Financing, lawsuits, among feds options for Trans Mountain, says Carr

Financing, lawsuits, among feds options for Trans Mountain, says Carr

Minister of Natural Resources Jim Carr speaks said one of the options his government is considering is taking a financial stake in Kinder Morgan's Trans Mountain pipeline. (Patrick Doyle/Canadian Press). Courtesy of CBC.

Minister of Natural Resources Jim Carr speaks said one of the options his government is considering is taking a financial stake in Kinder Morgan’s Trans Mountain pipeline. (Patrick Doyle/Canadian Press). Courtesy of CBC.

A federal investment in the Trans Mountain pipeline is one of the possibilities the Liberal government is considering to help get the controversial project completed, says Natural Resources Minister Jim Carr.

Alberta Premier Rachel Notley says her province is prepared to invest in the pipeline directly if it would help keep investors on board – a notion her opposition rival, United Conservative party Leader Jason Kenney, says he would support as long as Ottawa also puts money on the table.

Opposition from British Columbia, including a threat to pass regulations that would prevent additional oil flows through the province, spooked Trans Mountain investors enough that Kinder Morgan called a halt Sunday to all non-essential spending on the project.

The company would be open to government investment if it brought certainty to the project, CEO Steve Kean said Monday.

Carr isn’t saying that a federal investment is a certainty, only that it is among the options on the table, along with legal and regulatory manoeuvres.

“We’re looking at all available options,” Carr said, without getting into specifics.

Prime Minister Justin Trudeau dodged the question of federal investment during a news conference in Montreal, saying only there is a “broad range of options” for Ottawa to consider.

Trudeau said he had “a long conversation” with B.C. Premier John Horgan by phone Sunday night and said he doesn’t think Horgan should be intervening in an area of federal jurisdiction.

“I impressed upon him the importance of working together and respecting the federal responsibility for protecting things that are in the national interest,” Trudeau said. “This is a pipeline in the national interest and it will get built.”

The federal government has jurisdiction over infrastructure that crosses provincial borders, including highways and pipelines. Trans Mountain runs between Edmonton and Burnaby, B.C., and the expansion, approved by Ottawa in November 2016, would triple its capacity.

Conservative MP Chris Warkentin says Trudeau should immediately demand a meeting with Horgan if he is really serious about getting the pipeline built. The MP says he wouldn’t oppose government investments in projects like this, but said he’s not hearing the company ask for handouts.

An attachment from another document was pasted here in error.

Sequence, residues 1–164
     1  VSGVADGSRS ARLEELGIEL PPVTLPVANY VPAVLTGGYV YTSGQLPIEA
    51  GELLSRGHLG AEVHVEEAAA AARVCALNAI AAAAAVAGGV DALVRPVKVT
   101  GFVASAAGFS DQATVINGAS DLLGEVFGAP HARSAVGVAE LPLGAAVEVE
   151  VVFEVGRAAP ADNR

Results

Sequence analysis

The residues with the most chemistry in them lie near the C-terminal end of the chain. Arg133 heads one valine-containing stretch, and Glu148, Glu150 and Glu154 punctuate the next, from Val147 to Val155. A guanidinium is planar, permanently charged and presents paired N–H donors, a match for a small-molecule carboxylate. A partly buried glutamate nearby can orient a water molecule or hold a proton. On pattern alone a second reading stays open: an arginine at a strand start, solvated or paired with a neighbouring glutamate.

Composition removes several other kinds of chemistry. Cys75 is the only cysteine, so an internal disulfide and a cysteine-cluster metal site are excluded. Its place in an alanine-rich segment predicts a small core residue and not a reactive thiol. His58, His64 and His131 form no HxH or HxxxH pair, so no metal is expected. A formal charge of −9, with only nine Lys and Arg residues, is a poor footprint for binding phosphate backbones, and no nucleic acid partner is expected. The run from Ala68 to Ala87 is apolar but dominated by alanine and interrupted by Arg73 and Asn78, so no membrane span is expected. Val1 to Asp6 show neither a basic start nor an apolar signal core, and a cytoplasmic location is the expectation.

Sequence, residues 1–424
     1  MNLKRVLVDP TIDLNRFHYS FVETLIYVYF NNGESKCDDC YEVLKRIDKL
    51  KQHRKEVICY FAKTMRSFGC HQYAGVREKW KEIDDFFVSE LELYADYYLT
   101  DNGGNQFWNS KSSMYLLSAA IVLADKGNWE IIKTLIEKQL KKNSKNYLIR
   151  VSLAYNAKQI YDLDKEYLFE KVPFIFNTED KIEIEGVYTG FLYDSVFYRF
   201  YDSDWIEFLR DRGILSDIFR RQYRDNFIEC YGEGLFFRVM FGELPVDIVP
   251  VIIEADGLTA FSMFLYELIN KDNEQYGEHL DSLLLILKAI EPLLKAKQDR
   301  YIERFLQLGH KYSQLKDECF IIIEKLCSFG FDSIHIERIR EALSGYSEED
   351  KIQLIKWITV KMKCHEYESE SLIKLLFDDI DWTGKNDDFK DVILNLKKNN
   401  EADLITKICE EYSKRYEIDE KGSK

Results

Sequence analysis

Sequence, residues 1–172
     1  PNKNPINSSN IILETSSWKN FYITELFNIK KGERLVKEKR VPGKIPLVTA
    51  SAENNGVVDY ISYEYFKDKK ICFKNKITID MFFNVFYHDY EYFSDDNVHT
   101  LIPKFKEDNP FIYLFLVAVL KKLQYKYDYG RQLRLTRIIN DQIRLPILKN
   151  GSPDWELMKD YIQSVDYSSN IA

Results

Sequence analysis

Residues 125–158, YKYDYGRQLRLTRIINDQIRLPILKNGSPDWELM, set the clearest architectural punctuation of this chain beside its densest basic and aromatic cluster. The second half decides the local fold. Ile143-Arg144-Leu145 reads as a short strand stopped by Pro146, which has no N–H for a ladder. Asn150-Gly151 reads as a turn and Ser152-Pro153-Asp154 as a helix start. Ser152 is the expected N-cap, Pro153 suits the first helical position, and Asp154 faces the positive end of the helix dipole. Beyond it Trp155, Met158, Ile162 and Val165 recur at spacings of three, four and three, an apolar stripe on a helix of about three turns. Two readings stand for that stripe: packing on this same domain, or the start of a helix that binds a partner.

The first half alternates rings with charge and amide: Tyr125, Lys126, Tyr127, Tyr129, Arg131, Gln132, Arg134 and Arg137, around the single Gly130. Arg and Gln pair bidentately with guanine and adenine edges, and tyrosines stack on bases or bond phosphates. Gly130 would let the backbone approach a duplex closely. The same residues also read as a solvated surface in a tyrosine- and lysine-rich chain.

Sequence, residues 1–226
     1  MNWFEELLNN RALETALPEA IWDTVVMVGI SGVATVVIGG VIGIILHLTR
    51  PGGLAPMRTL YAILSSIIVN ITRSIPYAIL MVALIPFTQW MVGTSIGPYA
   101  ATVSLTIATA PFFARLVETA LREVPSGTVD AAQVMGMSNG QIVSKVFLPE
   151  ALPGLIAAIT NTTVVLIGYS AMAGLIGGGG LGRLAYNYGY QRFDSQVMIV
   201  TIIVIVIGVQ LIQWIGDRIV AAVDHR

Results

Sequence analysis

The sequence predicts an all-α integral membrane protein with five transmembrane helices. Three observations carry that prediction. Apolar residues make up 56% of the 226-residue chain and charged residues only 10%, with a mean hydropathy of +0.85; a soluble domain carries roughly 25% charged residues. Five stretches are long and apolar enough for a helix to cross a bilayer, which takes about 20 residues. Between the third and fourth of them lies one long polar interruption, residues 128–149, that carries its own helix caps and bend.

Rather, says Warkentin, Kinder Morgan wants government to solve the political impasse.

B.C. says it is going to ask the courts to decide if it can legally regulate against increased oil flows through pipelines. Alberta and the federal government insist it cannot. Horgan says he will frame a question to the court to decide the issue.

Canada considered asking the Supreme Court for a jurisdictional ruling earlier this year, but opted not to because it would have implied there was doubt about jurisdiction, when federal officials say there is none.

A reference also would have taken at least a year, possibly two, with the project hanging in the balance in the interim.

Brian Lee Crowley, managing director of the Macdonald-Laurier Institute in Ottawa, said the federal Liberals are up against the wall because they have alienated some of their environmental supporters by backing this pipeline and now they may end up with nothing to show for it.

Crowley says the previous government wasn’t able to get pipelines built and Trudeau’s promise that he would introduce environmental protections and climate change policies like the carbon tax in order to get buy-in to build pipelines thus far has failed.

“We have not yet brought together the winning conditions,” said Crowley.

He said he doesn’t think ultimately federal financing will drive this project to completion.

“This has now become an issue of if the law prevails in Canada or if angry minorities can prevail,” said Crowley.

Kinder Morgan already has a court injunction requiring protesters to stay 50 metres away from its Burnaby marine terminal work sites. More than 160 people have been arrested since then, including Green party Leader Elizabeth May and NDP MP Kennedy Stewart.

NDP Leader Jagmeet Singh said if the Trudeau government had properly fulfilled its promise to provide an improved, fully independent environmental review of the project maybe they would have been able to get the social licence for the project.

The Liberals introduced an overhauled environmental assessment process in legislation now making its way through Parliament. However Trans Mountain was approved in 2016 under an earlier interim process.

Story by The Canadian Press



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